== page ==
by Michael E. Salla, Ph.D.
December 6, 2011

from Exopolitics Website




This diagram compares our own solar system to Kepler-22,

a star system containing the first "habitable zone" planet

discovered by NASA's Kepler mission.

Image credit: NASA/Ames/JPL-Caltech



It's official - an earth-like planet in the habitable region of a distant solar system has just been confirmed to exist.


The planet, Kepler-22b, sits in the so-called Goldilocks region of a solar system where it is neither too hot nor too cold for hosting life as we know it. Scientists associated with NASA's Kepler Space Telescope Project announced the discovery at a Press Conference at the Ames Research Center early on Monday.


The scientific results will be published in the next edition of The Astrophysics Journal.


The announcement takes the scientific community one step closer to announcing that the conditions for life can be found on numerous exoplanets scattered throughout the galaxy.


More importantly, the announcement takes our world one step closer to realizing that extraterrestrial life is not only scientifically feasible, but likely exists throughout our vast galaxy with its more than 300 billion stars. The confirmation of the first habitable exoplanet opens the door to a comprehension discussion of the political and social consequences of the discovery of extraterrestrial life.


Such discussion has been mainly limited to the field of exopolitics where researchers have examined claims that extraterrestrials not only exist, but have been secretly monitoring our world; and have even been visiting us since the dawn of the atomic age.

Even though the Kepler mission released news of the discovery of earth like planets in the habitable zone earlier in February 2011, these were only "candidate planets". Further observations were needed to confirm if what was seen was actually a planet or not. Confirmation did eventually arrive.


Here is how William Borucki, a principal investigator at NASA Ames Research and team leader for the discovery of Kepler-22b, described the stunning confirmation:

Fortune smiled upon us with the detection of this planet… The first transit was captured just three days after we declared the spacecraft operationally ready. We witnessed the defining third transit over the 2010 holiday season…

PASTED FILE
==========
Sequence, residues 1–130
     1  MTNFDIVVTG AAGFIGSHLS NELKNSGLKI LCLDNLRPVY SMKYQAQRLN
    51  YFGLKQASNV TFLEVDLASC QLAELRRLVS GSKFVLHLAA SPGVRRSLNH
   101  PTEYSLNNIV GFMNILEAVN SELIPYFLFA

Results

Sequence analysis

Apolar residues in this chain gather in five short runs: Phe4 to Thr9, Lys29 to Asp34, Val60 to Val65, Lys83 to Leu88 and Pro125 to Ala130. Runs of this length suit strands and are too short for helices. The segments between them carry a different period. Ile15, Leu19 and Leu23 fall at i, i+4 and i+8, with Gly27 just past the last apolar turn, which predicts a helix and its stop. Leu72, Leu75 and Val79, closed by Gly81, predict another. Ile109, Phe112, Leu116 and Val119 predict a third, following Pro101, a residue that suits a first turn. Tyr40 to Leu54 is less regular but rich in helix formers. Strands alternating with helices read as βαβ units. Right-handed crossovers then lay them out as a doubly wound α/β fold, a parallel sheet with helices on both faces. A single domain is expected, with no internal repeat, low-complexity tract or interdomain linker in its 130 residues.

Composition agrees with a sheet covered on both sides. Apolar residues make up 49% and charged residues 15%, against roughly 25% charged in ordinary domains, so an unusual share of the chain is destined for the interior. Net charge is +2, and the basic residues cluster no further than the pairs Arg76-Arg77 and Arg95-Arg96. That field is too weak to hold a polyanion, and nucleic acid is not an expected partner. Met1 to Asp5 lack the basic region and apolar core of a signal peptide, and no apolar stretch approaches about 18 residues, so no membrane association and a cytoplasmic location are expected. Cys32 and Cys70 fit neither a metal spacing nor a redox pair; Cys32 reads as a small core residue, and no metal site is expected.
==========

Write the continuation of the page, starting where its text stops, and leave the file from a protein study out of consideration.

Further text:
Of the 54 "habitable" zone planet candidates seen so far, Kepler-22b is the first to be confirmed.

Put simply, Kepler-22b was included as a candidate exoplanet soon after the launch of the Kepler Mission in March 2009. Continued observations have confirmed its existence, and opened the door to further announcements of exoplanets to be found in the Goldilocks region of distant solar systems.

NASA's Press Release gave details about the confirmed exoplanet's location and orbit:

Kepler-22b is located 600 light-years away. While the planet is larger than Earth, its orbit of 290 days around a sun-like star resembles that of our world. The planet's host star belongs to the same class as our sun, called G-type, although it is slightly smaller and cooler.

The announcement was made at the Kepler Mission's inaugural science conference hosted at Ames from December 5-9.


Here's how NASA described the present tally of exoplanets:

The Kepler team is… announcing 1,094 new planet candidate discoveries. Since the last catalog was released in February, the number of planet candidates identified by Kepler has increased by 89 percent and now totals 2,326.


Of these, 207 are approximately Earth-size, 680 are super Earth-size, 1,181 are Neptune-size, 203 are Jupiter-size and 55 are larger than Jupiter.






According to Alan Boss, a Carnegie Institute researcher that is part of the Kepler Mission:

'This discovery supports the growing belief that we live in a universe crowded with life... Kepler is on the verge of determining the actual abundance of habitable, Earth-like planets in our galaxy'.

The confirmation of Kepler-22b as the first habitable exoplanet opens the door to the study of the social and political consequences of extraterrestrial life.


Fortunately, some scientific institutions such as the Royal Society have endorsed such an exopolitical discussion. One likely impact of Kepler-22b is that more scientific institutions will follow the lead of the Royal Society.


Eventually, the scientific community will need to examine the vast evidence accumulated over the last six decades, that extraterrestrial life is not only real and found throughout the galaxy, but they have been watching, and even visiting us, for a very long time.